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what is coronary angiogram, treatment of coronary angiogram

Coronary Angiogram

  • Posted on- Jan 06, 2018
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What is coronary angiogram?

  • coronary angiogram is a procedure that uses X-ray imaging to see your heart's blood vessels. The test is generally done to see if there's a restriction in blood flow going to the heart.
  • Coronary angiograms are part of a general group of procedures known as heart (cardiac) catheterizations. Cardiac catheterization procedures can both diagnose and treat heart and blood vessel conditions. A coronary angiogram, which can help diagnose heart conditions, is the most common type of cardiac catheterization procedure.
  • During a coronary angiogram, a type of dye that's visible by an X-ray machine is injected into the blood vessels of your heart. The X-ray machine rapidly takes a series of images (angiograms), offering a look at your blood vessels. If necessary, your doctor can open clogged heart arteries (angioplasty) during your coronary angiogram.

Why coronary angiogram is done?

  • Your doctor may recommend that you have a coronary angiogram if you have:
    • Symptoms of coronary artery disease, such as chest pain (angina)
    • Pain in your chest, jaw, neck or arm that can't be explained by other tests
    • New or increasing chest pain (unstable angina)
    • A heart defect you were born with (congenital heart disease)
    • Abnormal results on a noninvasive heart stress test
    • Other blood vessel problems or a chest injury
    • A heart valve problem that requires surgery
    • Because there's a small risk of complications, angiograms aren't usually done until after noninvasive heart tests have been performed, such as an electrocardiogram, an echocardiogram or a stress test.


Symptoms


Treatment

What is the Cost of coronary angiogram?

  • coronary angiogram will cost approx to Rs. 6500

Which doctor to be consulted in case of coronary angiogram?

FAQ's

1. What are the risks associated with coronary angiogram?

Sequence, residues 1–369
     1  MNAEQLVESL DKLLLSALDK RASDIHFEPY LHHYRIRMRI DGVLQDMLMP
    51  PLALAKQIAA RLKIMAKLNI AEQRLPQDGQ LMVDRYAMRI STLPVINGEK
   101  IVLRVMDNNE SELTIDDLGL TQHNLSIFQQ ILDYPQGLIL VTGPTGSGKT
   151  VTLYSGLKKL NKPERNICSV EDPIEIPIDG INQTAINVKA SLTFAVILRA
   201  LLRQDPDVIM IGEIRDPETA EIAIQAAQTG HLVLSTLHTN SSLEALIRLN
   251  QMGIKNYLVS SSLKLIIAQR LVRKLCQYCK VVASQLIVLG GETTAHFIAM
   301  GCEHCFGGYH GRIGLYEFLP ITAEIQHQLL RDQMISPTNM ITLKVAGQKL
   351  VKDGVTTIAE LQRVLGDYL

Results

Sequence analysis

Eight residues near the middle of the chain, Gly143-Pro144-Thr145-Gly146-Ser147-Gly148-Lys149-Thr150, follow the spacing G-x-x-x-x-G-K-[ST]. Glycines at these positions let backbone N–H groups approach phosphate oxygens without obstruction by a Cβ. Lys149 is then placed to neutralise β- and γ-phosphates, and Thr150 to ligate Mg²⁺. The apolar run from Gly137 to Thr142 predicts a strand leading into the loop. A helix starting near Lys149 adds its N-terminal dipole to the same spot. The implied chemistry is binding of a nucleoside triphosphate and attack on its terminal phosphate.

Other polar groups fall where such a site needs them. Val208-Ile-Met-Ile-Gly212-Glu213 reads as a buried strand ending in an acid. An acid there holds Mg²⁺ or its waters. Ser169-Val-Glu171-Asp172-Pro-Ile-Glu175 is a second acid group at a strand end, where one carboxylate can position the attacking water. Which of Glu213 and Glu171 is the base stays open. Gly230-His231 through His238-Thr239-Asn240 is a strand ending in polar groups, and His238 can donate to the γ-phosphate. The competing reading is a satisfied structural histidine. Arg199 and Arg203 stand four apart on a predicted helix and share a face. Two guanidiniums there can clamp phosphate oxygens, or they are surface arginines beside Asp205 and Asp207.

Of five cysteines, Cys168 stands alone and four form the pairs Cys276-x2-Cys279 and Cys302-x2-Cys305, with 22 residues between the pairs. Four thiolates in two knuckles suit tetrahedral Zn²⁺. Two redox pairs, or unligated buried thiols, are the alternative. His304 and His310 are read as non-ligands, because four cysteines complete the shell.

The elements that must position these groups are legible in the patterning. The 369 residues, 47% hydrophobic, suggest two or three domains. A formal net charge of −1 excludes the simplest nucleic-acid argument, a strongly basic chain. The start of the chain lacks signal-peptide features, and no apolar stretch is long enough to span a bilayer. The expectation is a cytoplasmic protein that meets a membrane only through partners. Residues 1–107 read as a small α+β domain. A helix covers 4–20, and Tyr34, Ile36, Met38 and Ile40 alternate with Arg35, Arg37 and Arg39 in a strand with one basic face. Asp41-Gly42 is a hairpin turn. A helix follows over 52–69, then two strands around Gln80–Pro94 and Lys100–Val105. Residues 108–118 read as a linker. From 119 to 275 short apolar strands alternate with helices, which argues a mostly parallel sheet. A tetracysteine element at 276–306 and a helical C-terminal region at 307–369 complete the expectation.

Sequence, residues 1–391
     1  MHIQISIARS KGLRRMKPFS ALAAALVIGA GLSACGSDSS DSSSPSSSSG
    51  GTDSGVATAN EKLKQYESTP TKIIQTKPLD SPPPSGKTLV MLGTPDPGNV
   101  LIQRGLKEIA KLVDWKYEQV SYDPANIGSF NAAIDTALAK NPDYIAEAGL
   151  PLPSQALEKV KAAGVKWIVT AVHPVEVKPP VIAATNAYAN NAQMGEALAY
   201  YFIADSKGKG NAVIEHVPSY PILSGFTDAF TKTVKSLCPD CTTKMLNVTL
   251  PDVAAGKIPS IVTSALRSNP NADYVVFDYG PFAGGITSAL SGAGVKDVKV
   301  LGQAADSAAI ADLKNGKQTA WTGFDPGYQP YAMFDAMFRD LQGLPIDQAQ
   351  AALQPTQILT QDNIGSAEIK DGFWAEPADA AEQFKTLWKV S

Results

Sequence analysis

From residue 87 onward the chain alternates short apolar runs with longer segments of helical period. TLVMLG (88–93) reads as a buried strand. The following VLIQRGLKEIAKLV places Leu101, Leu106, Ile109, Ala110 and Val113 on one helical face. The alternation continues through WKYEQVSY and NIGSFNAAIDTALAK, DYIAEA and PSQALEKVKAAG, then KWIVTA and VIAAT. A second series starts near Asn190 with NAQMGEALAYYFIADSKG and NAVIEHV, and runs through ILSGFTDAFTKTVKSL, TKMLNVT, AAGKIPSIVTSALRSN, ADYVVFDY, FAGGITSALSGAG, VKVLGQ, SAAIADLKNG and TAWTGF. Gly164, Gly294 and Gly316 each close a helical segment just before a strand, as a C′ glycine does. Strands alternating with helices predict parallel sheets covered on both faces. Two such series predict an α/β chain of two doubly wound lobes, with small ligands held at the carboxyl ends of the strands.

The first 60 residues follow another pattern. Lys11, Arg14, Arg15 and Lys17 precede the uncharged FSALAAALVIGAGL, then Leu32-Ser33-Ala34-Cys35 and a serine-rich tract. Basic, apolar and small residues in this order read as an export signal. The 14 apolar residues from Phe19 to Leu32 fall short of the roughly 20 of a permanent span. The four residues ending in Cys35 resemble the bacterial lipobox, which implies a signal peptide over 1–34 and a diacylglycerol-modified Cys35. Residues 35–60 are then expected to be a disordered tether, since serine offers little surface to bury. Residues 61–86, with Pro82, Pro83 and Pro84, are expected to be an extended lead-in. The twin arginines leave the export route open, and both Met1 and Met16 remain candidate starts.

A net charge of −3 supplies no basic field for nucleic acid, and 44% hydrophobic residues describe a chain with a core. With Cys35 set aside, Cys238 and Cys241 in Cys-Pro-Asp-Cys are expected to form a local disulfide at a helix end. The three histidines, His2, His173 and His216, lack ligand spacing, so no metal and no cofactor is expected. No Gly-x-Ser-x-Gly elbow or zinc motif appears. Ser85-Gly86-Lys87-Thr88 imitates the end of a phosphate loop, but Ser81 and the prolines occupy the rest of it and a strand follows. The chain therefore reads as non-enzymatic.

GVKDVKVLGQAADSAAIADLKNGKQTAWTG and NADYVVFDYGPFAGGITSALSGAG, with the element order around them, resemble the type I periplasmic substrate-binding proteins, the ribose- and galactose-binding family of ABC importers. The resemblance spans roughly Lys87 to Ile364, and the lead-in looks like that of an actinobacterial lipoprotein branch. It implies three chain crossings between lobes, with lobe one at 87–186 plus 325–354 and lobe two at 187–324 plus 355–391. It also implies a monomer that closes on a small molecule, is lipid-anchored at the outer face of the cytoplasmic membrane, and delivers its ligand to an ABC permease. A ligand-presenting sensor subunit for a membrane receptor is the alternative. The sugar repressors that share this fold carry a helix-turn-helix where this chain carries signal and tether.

• A coronary angiogram has some risks, such as radiation exposure from the X-rays used. Major complications are rare, though. Potential risks and complications include:

2. How anyone can prepare for a Coronary Angiogram?

  • In some cases, coronary angiograms are performed on an emergency basis. More commonly, though, they're scheduled in advance, giving you time to prepare.
  • General guidelines include:
    • Don't eat or drink anything after midnight before your coronary angiogram.
    • Take all your medications to the hospital with you in their original bottles. Ask your doctor about whether or not to take your usual morning medications.
    • If you have diabetes, ask your doctor if you should take insulin or other oral medications before your coronary angiogram.

3. What are the steps to be taken after Coronary Angiogram?

  • When the coronary angiogram is over, the catheter is removed from your arm or groin and the incision is closed with manual pressure, a clamp or a small plug.
  • You'll be taken to a recovery area for observation and monitoring. When your condition is stable, you return to your own room, where you're monitored regularly.
  • You'll need to lie flat for several hours to avoid bleeding if the catheter was inserted in the groin. During this time, pressure may be applied to the incision to prevent bleeding and promote healing.
  • You may be able to go home the same day, or you may have to remain in the hospital overnight. Drink plenty of fluids to help flush the dye from your body. If you're feeling up to it, have something to eat.

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